5. Sleep is still one of the best ways to recover from stroke
As you can see, exercise is key to recovery. But don’t sacrifice sleep over it!
When you crave lots of sleep after stroke, listen to your body and let yourself sleep!
Sleep gives your brain a chance to process and assimilate all of the stimulation it received from your day. Give your brain the chance to recover.
Sometimes, the need for sleep is extreme, and that’s normal.
For example, some stroke survivors wake up, get dressed, and then immediately crave a nap. This is normal.
Even the effort and stimulation from getting dressed is enough to drain your mental battery. Give yourself ample time to recharge.
6. Speech Therapy Exercises Can Help Reverse Language Disorders
When stroke affects your language skills, it results in a condition known as aphasia.
There are many different kinds of aphasia and the best treatment really varies from person to person.
Therefore, the best treatment for aphasia is by working with a speech-language pathologist (SLP).
SLPs are specialists who can tailor a speech therapy program custom to you.
7. Speech therapy apps are just as effective as clinical therapy
When insurance runs out and you can’t afford to see an SLP, speech therapy apps can offer an effective way to continue speech therapy at home.
8. Speech therapy can actually help with swallowing problems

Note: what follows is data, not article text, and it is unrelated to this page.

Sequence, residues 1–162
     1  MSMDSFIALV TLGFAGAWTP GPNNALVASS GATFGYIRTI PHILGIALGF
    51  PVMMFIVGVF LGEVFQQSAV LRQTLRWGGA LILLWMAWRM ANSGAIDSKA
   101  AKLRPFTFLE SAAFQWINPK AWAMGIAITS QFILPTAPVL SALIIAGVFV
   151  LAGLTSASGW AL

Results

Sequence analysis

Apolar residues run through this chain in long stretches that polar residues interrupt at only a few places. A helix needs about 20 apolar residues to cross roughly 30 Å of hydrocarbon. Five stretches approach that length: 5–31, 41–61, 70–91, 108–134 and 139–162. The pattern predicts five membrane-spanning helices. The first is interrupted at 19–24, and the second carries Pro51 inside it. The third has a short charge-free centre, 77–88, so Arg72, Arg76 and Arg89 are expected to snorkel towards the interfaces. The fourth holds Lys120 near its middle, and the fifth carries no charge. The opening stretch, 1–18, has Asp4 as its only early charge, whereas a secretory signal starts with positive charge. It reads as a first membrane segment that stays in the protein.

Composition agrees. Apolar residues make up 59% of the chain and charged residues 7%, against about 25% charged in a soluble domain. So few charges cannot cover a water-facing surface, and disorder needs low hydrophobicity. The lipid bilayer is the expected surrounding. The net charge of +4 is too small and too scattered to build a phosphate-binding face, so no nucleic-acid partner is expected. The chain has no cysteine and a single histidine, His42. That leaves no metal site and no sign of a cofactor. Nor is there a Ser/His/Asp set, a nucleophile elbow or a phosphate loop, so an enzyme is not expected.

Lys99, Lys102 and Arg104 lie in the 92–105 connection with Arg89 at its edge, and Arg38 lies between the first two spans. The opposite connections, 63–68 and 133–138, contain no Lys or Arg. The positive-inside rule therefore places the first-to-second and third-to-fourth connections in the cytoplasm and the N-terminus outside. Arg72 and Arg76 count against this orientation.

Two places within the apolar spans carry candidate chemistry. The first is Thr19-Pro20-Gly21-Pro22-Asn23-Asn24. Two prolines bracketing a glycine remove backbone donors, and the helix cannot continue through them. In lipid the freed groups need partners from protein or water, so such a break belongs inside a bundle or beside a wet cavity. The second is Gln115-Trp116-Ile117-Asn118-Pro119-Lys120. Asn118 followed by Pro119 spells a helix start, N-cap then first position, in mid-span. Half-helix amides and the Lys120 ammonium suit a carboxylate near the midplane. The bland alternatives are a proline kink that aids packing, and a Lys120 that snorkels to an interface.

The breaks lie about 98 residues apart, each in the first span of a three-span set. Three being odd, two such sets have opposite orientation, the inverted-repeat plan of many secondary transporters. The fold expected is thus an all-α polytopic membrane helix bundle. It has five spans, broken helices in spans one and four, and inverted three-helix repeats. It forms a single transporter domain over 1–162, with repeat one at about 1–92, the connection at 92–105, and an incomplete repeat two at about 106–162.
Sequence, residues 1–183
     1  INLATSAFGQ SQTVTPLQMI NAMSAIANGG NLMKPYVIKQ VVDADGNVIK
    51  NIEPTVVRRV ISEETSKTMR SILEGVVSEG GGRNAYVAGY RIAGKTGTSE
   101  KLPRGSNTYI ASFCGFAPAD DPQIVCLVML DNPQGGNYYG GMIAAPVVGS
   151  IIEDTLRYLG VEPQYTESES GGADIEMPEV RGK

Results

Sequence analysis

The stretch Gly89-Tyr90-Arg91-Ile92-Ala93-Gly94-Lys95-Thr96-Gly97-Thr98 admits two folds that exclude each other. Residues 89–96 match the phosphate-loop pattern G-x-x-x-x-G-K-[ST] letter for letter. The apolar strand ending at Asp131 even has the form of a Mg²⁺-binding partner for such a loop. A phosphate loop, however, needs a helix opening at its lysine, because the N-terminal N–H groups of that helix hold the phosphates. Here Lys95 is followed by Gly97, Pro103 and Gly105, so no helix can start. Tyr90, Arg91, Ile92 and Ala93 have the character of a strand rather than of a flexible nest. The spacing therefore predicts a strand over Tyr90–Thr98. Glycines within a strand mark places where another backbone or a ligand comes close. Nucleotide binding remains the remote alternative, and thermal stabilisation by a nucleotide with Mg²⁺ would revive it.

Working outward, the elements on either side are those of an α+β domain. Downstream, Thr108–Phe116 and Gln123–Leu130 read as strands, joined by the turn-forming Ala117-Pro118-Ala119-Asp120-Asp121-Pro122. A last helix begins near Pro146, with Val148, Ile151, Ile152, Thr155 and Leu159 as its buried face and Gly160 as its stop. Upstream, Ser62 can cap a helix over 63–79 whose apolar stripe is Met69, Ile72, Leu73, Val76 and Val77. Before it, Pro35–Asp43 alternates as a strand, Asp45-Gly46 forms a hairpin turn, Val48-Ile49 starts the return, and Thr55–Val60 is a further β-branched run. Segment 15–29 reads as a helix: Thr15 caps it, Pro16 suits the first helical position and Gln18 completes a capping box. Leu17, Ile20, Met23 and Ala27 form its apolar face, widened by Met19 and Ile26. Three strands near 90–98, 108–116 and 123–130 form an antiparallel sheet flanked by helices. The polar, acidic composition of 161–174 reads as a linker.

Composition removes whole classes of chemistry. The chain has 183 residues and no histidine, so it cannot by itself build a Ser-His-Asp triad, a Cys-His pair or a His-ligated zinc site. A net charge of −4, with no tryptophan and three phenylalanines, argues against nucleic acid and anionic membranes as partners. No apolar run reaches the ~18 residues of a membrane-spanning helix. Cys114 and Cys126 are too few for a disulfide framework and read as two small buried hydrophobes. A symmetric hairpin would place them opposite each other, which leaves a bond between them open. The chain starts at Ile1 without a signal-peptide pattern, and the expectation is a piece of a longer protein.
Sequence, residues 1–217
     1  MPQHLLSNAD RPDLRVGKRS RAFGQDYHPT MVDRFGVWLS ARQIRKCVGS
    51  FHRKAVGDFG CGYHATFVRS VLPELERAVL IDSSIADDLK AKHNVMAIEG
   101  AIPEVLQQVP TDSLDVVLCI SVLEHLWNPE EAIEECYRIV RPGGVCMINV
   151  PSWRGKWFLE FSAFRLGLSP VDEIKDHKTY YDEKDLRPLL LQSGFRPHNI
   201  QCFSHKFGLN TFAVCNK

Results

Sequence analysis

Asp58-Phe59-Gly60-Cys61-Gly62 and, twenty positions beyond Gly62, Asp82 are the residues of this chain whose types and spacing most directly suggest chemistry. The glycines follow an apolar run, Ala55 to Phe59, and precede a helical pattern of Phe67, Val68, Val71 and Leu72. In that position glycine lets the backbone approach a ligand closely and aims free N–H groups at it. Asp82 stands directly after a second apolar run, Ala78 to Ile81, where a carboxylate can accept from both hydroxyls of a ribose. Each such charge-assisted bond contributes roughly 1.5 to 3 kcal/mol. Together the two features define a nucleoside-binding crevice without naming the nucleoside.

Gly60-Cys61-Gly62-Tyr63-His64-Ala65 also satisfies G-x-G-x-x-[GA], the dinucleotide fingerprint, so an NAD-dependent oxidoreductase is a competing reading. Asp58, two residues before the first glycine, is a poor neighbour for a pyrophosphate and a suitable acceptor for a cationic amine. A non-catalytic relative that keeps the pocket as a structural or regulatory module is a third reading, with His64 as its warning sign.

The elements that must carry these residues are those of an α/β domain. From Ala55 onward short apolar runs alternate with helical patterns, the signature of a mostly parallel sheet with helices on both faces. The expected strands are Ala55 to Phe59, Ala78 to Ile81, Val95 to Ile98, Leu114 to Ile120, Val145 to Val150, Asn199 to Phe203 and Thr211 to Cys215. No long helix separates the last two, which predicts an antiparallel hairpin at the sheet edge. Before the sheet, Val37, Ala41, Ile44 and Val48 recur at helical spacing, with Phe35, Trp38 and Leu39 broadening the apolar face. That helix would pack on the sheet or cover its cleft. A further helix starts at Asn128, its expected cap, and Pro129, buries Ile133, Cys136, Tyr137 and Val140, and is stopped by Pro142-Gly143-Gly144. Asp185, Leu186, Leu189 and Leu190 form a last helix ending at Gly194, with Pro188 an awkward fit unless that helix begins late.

A Speech Language Pathologist is highly trained in treating language disorders after stroke, and they also know how to treat swallowing problems, too.
Swallowing problems (also known as dysphagia) can be treated with therapeutic exercises that retrain the throat muscles.
Again, it’s best to work with an SLP to develop a plan to target your unique condition.
9. Singing therapy can help reverse aphasia even when you can’t speak
Sometimes aphasia is severe and stroke patients can’t say a single word.
Even though they can’t say their words, they can likely sing their words. This is all about the way the brain is organized.
Language is a left-brain task, and singing is a right-brain task.
When stroke affects the left-hemisphere but leaves the right-hemisphere unaffected, stroke patients can access language through singing.
Through singing therapy, stroke patients can regain the ability to speak normally.
10. Oxygen therapy is an expensive but potentially powerful treatment
Oxygen therapy works by supplying 100% oxygen to patients in a pressurized chamber.
This increases the amount of oxygen in the blood and therefore the amount of oxygen delivered to the brain.
This extra oxygen serves as “brain food” to help speed up the process of neuroplasticity.
Since the brain already consumes 20% of the body’s oxygen, this theory makes sense. The studies, however, are conflicted.
Some studies report a reversal of paralysis, increased sensation, and renewed use of language.